Tenor II: Jeremy Keeler, St. Mark’s; Daniel Garzarella and Benjamin Bole, St. Thomas More; and Andrew Starobynski, Salesianum.

Bass I: Patrick Boland, St. Mark’s; and Tyler Heiss, Nicholas Sherwin and Nick Castillo, Salesianum.

Junior chorus

Soprano: Bernadette Bautista, Kayce Boller, Lauren DeRocilli, Andrea Errico, Noel Majka and Yadiana Ramos, Holy Cross; Jacquelyn Kepley, Ursuline.

Alto: Anastasia Bole, Imani Drew, Claire Kolakowski, Kelsi McBarron, Pelu Osunkoya and Molly Thompson, Holy Cross; Luke Koval, Conor McAvinue, St. Edmond’s.

Tenor: Nicholas Reyes and Nicolo Bautista, Holy Cross.

 

St. Mark’s group helps at Thanksgiving

WILMINGTON – The Z-Club at St. Mark’s High School spent November trying to make sure others had a happy holiday season. Throughout the month, students collected nearly 450 jars of peanut butter and cans of yams for the Basket Brigade of Delaware, a volunteer organization that delivers food at Thanksgiving to needy families. This year, the Basket Brigade hopes to help more than 2,000 families.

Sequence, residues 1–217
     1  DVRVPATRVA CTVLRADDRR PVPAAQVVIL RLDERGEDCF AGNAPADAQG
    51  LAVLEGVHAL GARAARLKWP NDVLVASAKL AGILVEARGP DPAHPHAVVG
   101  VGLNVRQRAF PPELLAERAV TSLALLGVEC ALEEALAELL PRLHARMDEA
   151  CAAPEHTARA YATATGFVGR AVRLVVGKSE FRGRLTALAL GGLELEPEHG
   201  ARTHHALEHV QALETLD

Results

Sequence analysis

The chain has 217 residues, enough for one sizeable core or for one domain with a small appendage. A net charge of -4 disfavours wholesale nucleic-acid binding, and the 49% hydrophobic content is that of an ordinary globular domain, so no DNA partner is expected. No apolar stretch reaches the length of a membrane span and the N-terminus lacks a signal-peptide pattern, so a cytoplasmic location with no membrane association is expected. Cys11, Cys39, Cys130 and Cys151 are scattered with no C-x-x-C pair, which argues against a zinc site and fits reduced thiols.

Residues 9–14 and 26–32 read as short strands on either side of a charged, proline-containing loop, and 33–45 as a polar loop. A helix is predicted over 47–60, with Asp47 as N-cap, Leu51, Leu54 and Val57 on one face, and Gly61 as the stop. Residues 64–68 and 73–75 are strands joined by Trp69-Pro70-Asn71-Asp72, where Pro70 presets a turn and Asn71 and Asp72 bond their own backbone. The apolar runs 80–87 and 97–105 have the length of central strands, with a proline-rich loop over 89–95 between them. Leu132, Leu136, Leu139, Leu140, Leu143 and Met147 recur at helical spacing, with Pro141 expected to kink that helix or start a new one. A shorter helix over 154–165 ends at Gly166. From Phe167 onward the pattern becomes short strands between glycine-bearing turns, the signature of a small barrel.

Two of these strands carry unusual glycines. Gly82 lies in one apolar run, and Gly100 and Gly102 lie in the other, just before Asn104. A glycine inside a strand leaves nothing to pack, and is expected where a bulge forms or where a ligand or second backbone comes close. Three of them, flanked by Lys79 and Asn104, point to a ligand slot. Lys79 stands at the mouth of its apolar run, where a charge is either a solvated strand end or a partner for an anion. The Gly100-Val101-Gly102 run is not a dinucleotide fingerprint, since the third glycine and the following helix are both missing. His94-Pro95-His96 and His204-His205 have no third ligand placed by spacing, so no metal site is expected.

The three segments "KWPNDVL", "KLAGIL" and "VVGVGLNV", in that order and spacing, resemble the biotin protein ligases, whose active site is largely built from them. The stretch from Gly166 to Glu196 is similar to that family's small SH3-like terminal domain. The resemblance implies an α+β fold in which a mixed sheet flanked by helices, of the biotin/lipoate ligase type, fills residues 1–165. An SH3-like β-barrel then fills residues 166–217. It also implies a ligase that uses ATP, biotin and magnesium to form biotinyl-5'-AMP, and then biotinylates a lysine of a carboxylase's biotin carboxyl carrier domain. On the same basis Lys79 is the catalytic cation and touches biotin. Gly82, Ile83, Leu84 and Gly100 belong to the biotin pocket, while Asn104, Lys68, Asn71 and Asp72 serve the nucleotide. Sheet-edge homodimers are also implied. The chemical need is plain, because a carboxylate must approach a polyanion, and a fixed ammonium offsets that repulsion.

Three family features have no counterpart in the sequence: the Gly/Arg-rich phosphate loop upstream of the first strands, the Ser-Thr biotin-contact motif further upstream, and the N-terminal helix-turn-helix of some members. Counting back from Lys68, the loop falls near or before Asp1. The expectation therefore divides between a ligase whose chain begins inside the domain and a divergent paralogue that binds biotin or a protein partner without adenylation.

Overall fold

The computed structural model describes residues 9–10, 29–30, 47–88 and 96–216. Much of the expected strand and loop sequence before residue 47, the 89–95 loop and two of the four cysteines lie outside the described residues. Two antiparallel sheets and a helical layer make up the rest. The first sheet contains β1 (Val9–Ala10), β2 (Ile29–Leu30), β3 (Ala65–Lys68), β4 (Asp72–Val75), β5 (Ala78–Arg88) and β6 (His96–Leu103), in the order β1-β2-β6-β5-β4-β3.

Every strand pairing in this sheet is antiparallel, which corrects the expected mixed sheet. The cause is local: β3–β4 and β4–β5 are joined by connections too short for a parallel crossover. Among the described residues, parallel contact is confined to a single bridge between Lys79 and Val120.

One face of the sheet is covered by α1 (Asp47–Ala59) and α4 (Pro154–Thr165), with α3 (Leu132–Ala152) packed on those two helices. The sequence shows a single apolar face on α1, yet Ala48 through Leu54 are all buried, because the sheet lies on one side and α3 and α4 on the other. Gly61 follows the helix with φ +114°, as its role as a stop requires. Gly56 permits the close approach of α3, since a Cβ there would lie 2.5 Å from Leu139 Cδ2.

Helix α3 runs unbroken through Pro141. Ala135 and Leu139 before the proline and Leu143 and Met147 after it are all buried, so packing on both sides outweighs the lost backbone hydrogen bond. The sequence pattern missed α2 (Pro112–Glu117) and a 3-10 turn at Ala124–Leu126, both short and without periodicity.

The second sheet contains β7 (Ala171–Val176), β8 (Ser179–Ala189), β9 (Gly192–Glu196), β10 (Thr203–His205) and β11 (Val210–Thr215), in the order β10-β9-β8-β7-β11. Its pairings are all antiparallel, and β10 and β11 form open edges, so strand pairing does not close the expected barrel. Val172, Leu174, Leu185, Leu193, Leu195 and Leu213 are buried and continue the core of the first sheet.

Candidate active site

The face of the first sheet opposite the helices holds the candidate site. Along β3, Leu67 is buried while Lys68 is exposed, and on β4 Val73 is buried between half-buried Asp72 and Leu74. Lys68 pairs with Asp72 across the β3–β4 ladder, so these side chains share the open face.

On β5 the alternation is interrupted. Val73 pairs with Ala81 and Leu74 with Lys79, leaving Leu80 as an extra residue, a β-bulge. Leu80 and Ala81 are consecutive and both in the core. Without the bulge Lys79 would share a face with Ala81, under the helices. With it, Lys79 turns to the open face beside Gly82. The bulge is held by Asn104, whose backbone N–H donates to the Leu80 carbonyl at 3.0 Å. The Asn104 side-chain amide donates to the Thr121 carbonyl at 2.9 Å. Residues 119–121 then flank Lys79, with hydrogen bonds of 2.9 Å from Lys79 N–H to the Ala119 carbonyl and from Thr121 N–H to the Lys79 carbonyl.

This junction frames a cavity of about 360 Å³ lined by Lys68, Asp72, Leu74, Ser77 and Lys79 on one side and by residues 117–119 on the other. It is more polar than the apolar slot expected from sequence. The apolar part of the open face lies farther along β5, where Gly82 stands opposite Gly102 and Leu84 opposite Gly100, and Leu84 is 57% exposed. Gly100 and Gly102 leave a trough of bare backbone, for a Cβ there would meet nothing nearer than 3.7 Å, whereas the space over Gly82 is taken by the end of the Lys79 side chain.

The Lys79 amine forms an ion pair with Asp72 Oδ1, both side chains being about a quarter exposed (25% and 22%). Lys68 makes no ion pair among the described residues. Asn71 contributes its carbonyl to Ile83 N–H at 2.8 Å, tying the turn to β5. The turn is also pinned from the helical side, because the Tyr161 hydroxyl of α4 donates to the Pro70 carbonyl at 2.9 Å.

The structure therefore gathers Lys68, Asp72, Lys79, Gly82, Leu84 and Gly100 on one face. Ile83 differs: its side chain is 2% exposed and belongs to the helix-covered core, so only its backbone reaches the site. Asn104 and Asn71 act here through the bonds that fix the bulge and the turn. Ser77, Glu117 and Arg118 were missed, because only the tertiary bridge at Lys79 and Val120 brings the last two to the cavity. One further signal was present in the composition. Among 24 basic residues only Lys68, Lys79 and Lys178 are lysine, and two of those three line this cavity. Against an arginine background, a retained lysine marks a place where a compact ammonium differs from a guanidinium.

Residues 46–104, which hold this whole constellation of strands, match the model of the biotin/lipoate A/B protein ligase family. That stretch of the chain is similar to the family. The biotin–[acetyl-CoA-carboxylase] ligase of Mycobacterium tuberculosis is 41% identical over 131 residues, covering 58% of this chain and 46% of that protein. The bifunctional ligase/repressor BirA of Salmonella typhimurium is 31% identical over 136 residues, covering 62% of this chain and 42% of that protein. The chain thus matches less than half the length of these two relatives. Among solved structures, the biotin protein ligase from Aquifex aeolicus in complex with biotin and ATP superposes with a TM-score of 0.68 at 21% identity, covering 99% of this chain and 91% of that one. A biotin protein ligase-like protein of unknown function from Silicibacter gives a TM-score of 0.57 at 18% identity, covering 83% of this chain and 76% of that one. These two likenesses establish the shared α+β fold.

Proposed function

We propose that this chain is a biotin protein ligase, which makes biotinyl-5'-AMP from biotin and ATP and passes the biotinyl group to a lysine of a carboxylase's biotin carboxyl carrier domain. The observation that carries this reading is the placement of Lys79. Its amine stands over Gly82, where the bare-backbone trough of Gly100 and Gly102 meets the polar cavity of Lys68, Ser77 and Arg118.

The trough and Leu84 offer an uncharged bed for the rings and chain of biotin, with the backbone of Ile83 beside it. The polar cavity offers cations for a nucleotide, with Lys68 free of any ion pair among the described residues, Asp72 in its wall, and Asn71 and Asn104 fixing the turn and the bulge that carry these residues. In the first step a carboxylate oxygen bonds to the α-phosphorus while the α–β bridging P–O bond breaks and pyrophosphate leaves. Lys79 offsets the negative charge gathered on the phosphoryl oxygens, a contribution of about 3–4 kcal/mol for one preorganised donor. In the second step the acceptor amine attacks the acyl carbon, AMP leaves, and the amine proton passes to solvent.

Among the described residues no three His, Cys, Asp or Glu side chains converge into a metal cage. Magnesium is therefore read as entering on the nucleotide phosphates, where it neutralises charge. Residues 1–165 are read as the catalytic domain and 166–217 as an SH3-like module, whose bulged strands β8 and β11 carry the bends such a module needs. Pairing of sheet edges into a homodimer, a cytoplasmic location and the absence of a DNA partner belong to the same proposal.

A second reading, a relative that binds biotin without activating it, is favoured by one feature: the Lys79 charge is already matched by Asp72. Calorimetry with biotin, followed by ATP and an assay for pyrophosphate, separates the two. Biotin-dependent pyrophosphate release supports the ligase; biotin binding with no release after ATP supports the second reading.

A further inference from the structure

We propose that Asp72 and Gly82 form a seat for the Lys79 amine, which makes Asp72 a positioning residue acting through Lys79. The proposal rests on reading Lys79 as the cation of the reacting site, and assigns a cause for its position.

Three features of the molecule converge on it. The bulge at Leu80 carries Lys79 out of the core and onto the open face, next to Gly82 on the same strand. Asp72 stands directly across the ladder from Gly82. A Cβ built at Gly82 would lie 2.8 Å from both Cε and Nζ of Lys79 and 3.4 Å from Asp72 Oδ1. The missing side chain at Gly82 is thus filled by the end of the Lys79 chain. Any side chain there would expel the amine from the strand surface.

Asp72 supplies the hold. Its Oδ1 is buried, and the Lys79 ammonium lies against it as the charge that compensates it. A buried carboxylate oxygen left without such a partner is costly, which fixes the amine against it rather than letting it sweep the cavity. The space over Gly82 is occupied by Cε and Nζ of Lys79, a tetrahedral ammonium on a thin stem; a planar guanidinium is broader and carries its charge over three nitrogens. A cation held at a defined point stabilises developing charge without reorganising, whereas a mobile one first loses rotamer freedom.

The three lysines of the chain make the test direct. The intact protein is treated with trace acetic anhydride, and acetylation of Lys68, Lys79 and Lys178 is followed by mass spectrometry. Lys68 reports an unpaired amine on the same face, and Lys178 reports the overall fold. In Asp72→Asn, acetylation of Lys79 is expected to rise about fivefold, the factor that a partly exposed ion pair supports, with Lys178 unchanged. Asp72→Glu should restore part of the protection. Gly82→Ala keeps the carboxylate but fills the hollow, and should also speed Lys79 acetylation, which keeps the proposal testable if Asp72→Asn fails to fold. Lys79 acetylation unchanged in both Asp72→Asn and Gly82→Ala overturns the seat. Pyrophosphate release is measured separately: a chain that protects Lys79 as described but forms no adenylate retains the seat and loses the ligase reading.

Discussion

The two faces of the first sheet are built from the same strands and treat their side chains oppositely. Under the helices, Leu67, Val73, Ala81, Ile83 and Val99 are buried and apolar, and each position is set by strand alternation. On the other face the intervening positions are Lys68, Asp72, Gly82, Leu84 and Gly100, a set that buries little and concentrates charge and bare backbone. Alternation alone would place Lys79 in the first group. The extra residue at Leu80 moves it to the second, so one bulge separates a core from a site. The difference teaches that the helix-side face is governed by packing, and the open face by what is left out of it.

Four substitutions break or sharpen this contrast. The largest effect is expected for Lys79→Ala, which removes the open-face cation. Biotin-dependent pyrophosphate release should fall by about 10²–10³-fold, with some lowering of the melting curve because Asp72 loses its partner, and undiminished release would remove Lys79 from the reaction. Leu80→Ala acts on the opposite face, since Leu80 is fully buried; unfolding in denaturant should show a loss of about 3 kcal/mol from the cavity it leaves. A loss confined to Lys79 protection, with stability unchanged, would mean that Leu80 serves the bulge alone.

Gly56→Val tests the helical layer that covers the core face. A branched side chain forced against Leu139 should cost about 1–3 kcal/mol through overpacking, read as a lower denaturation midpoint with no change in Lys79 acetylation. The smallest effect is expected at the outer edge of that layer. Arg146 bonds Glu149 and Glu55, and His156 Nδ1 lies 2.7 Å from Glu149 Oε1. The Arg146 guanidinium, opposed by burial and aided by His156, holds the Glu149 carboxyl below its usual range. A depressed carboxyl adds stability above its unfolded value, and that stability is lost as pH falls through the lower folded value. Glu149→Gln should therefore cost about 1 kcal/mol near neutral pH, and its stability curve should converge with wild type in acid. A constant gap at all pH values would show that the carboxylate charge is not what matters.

In addition, on Nov. 13, members of the Z-Club packed dozens of shoeboxes to support Operation Christmas Guild, a project of Samaritan’s Purse that provides boxes of presents to children in developing countries. The club included a group picture and personal notes to each child.

In the two years the Z-Club has helped with this effort, it has contributed more than 150 shoeboxes to children ages 2-14.

The Z-Club is sponsored by the Philadelphia chapter of Zonta International, which helps develop leadership skills in and community-service activities for sophomore, junior and senior girls.

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Some students can’t go back to school without tuition help

October 13th, 2011 Posted in Education and Careers

By

Staff reporter

Jean Wieand was so impressed with the Catholic school education her grandchildren received at St. Peter the Apostle School that she made a request of their father.